At this point, I decided I had enough speech control to follow my dream, and I applied for teacher training. In my interview, I was able to describe how growing up in Glasgow with a stutter shaped my education and my friendships, and how I had an understanding of how some pupils with an additional needs might feel. They told me that my openness about my own struggles was refreshing, and they thought I’d be a great candidate for the course – nobody had ever said that about my stutter before.

“Being honest about who I was and embracing my stutter changed my life”

I’ve now been teaching for more than 10 years. I’m in a dream role as a teacher of learning support in a busy secondary school – helping the very children I always wanted to. I’ve pushed myself, and have given speeches as a best man and at my own wedding. I’ve even presented at academic conferences! My wife and I now have two children, and I read to them every night – there is no better feeling for my mental health than sitting and reading a story to them, and it’s something I never thought I would do.

I still stutter, and I still struggle on certain words or sounds. The difference is that I now deal with these positively, and don’t feel defined by my stutter as I did before. Taking control of my speaking has given me control of how I really feel – I’m happier, more outgoing, and live a full life, which is something I wasn’t doing before.

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Stuttering has definitely helped me as a teacher. I know what it is like to be overlooked in class because of difficulties; some of my teachers chose to see my stutter, and not my other qualities. With this in mind, I’m always looking past what conditions children might have, to focus on the things they can do really well – celebrating the positives can do so much for a child.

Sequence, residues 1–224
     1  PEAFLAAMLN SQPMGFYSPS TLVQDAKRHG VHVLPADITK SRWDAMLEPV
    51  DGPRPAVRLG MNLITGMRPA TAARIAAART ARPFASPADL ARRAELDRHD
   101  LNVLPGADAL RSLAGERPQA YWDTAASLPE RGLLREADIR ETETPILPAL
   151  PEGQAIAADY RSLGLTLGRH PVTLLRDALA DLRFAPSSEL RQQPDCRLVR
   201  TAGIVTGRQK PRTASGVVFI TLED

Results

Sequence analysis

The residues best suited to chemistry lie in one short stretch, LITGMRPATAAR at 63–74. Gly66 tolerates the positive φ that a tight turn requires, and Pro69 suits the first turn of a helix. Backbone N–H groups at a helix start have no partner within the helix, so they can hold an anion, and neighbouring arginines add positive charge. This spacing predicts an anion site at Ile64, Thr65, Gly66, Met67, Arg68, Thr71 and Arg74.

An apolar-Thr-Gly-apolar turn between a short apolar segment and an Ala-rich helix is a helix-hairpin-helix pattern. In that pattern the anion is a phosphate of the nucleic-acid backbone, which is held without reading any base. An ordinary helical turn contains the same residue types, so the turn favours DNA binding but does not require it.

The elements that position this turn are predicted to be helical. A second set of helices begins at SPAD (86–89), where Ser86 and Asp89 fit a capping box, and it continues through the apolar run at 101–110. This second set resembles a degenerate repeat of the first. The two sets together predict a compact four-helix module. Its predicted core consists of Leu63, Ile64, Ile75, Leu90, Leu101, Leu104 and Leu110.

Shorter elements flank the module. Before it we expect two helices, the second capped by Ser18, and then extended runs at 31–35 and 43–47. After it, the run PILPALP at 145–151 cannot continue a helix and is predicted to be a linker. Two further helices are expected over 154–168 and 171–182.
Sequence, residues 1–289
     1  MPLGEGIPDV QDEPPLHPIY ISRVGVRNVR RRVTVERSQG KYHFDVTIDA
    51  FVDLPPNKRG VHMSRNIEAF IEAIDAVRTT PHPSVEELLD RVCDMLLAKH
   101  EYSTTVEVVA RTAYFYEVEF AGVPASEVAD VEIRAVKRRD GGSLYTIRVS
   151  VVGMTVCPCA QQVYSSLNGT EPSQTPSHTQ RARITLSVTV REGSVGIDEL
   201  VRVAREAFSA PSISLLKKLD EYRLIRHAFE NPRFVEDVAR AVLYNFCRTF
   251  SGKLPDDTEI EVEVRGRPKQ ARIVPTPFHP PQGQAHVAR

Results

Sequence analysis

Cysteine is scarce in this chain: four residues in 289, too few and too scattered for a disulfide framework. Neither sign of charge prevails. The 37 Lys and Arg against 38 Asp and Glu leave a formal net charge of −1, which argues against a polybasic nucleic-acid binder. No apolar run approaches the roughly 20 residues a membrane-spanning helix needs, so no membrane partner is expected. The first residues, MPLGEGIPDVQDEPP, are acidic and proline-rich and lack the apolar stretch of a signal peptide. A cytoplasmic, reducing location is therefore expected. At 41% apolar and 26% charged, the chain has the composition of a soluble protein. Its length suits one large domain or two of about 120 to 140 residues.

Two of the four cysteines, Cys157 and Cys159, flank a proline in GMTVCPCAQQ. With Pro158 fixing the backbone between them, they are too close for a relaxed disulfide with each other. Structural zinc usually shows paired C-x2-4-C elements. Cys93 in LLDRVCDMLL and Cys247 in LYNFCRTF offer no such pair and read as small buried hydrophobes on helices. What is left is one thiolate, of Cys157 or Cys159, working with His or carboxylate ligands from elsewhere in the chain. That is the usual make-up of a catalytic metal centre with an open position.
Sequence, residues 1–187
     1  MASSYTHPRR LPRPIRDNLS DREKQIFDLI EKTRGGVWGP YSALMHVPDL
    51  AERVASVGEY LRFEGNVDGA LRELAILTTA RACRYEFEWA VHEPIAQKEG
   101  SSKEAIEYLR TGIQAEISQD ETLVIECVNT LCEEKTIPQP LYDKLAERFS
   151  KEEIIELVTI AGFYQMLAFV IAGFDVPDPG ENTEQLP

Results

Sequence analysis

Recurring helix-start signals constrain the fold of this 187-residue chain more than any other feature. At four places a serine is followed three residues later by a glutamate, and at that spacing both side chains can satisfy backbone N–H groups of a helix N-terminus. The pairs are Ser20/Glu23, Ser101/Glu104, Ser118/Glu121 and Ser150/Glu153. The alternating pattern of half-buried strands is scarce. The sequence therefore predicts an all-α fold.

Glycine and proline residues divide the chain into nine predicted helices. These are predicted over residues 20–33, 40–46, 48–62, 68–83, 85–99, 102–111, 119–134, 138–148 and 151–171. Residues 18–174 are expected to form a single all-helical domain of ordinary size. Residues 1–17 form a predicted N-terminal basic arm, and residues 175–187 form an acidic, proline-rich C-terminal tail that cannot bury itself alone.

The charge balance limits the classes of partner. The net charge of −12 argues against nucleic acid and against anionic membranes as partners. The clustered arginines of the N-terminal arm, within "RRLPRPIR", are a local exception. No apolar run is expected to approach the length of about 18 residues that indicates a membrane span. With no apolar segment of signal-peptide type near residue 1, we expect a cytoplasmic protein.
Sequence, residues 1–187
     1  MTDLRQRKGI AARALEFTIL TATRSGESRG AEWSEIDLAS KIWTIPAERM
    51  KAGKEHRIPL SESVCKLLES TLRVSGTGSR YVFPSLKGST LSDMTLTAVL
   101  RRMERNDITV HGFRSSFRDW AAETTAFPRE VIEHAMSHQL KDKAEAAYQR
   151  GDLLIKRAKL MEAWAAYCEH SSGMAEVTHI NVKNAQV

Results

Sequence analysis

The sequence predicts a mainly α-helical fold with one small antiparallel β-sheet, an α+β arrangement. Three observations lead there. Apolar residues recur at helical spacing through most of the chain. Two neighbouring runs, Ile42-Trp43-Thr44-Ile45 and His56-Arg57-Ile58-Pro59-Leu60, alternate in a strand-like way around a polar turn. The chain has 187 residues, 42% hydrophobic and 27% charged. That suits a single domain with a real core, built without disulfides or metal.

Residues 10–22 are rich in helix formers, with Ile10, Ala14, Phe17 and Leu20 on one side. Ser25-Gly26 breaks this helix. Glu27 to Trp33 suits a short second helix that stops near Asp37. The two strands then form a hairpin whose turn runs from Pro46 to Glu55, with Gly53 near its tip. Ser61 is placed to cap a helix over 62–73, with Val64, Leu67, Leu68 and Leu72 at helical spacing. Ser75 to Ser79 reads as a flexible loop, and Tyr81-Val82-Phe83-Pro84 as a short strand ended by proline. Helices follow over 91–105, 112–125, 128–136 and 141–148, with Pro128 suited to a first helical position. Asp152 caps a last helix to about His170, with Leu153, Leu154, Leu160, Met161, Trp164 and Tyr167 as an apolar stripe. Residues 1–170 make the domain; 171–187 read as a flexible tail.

“I now have two children, and I read to them every night – there is no better feeling for my mental health than sitting and reading a story to them, and it’s something I never thought I would do”

Parents of children I teach really like the fact that I’m open and honest about my own quirks – it shows them that if I can overcome my struggle then there is hope for their children to do the same.

My final message is always to embrace your quirks – they make you who you are. Nobody told me that as a child, and I really wish they had – it might have the same positive impact on your mental health as it did for me. The moment I stopped hiding from who I really was, was the moment I started to enjoy life that little bit more. It’s fine to be different, in fact it is good to be different. To stand out for positive reasons, that once had negative associations is really empowering. Embrace your quirks; they make you who you are.


Rachel Coffey | BA MA NLP Mstr says:

Adam’s story is a brilliant example of how accepting who we are and sharing this with the world encourages external acceptance too. Having more confidence in our abilities allows us to help others as well.

As a qualified voice coach, I work with people everyday who are dealing with challenges when it comes to speaking publicly. It’s so important that we find a way to share what we have to say and take our place in the world. As Adam found, being able to be heard is truly liberating, and means that we can go on to achieve our ambitions and dreams.

To connect with a counsellor to discuss a stutter, visit counselling-directory.org.uk